Gleichschaltung (ˈɡlaɪçʃaltʊŋ), meaning "coordination", "making the same", "bringing into line", is a Nazi term for the process by which the Nazi regime
Nazi Germany
Nazi Germany , also known as the Third Reich , but officially called German Reich from 1933 to 1943 and Greater German Reich from 26 June 1943 onward, is the name commonly used to refer to the state of Germany from 1933 to 1945, when it was a totalitarian dictatorship ruled by...

 successively established a system of totalitarian control and tight coordination over all aspects of society. The historian Richard J. Evans
Richard J. Evans
Richard John Evans is a British academic and historian, prominently known for his history of Germany.-Life:Evans was born in London, of Welsh parentage, and is now Regius Professor of Modern History at the University of Cambridge and President of Wolfson College...

 translated the term as "forcible-coordination" in his most recent work on Nazi Germany.

Among the goals of this policy were to bring about adherence to a specific doctrine and way of thinking and to control as many aspects of life as possible.


The period from 1933 to around 1937 was characterized by the systematic elimination of non-Nazi organizations that could potentially influence people, such as trade union
Trade union
A trade union, trades union or labor union is an organization of workers that have banded together to achieve common goals such as better working conditions. The trade union, through its leadership, bargains with the employer on behalf of union members and negotiates labour contracts with...

s and political parties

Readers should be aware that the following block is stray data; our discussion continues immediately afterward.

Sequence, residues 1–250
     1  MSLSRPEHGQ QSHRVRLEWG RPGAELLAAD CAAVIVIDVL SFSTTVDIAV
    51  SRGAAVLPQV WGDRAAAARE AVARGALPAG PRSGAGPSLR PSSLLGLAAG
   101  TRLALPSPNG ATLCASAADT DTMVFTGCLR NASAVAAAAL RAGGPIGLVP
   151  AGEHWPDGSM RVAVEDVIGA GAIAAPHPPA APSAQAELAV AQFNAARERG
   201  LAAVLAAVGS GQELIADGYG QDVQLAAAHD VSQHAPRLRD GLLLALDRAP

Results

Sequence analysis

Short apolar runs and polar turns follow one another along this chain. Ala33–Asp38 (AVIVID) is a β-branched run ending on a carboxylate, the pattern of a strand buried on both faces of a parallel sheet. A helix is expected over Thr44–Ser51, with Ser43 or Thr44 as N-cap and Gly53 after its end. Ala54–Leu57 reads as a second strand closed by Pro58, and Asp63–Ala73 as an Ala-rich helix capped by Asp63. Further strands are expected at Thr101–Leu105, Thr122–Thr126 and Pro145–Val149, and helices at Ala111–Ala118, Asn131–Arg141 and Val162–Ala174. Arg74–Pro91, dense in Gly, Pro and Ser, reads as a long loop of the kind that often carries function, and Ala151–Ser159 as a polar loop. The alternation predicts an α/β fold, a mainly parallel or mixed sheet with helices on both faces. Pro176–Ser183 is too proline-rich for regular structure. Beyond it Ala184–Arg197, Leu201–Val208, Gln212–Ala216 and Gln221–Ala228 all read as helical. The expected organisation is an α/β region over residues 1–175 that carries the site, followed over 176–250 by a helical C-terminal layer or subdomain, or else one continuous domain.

Political party
A political party is a political organization that typically seeks to influence government policy, usually by nominating their own candidates and trying to seat them in political office. Parties participate in electoral campaigns, educational outreach or protest actions...

. Those critical of Hitler's agenda, especially his close ties with industry, were suppressed, intimidated or murdered. The regime also assailed the influence of the churches
Church Body
A local church is a Christian religious organization that meets in a particular location. Many are formally organized, with constitutions and by-laws, maintain offices, are served by pastors or lay leaders, and, in nations where this is permissible, often seek seek non-profit corporate status...

, for example by instituting the Ministry of Ecclesiastical Affairs under Hanns Kerrl
Hanns Kerrl
Hanns Kerrl was a German Nazi politician. His most prominent position, from July 1935, was that of Reichsminister of Church Affairs...

. Organizations that the administration could not eliminate, such as the education system, came under its direct control.

The Gleichschaltung also included the formation of various organisations with compulsory membership for segments of the population, in particular the youth. Boys served as apprentices in the Pimpfen
Pimpf is a colloquial name for a boy before the voice change.In the German National Socialism The Pimpfe were the youngest subsection of the Hitler Youth, prevalent in Nazi Germany from 1933–1945, when the Allied Victory in the Second World War brought down the Nazi regime...

("cubs") beginning at the age of six, and at age 10, entered the Deutsches Jungvolk
Deutsches Jungvolk
thumb|250px|DJ TroopThe Deutsches Jungvolk was the subdivision of the Hitler Youth for boys aged 10 to 14. It reinforced the National Socialist view of Aryan ideals and transmitted the Nazi idea of the Volksgemeinschaft...

("Young German Boys") and served there until entering the Hitler Youth
Hitler Youth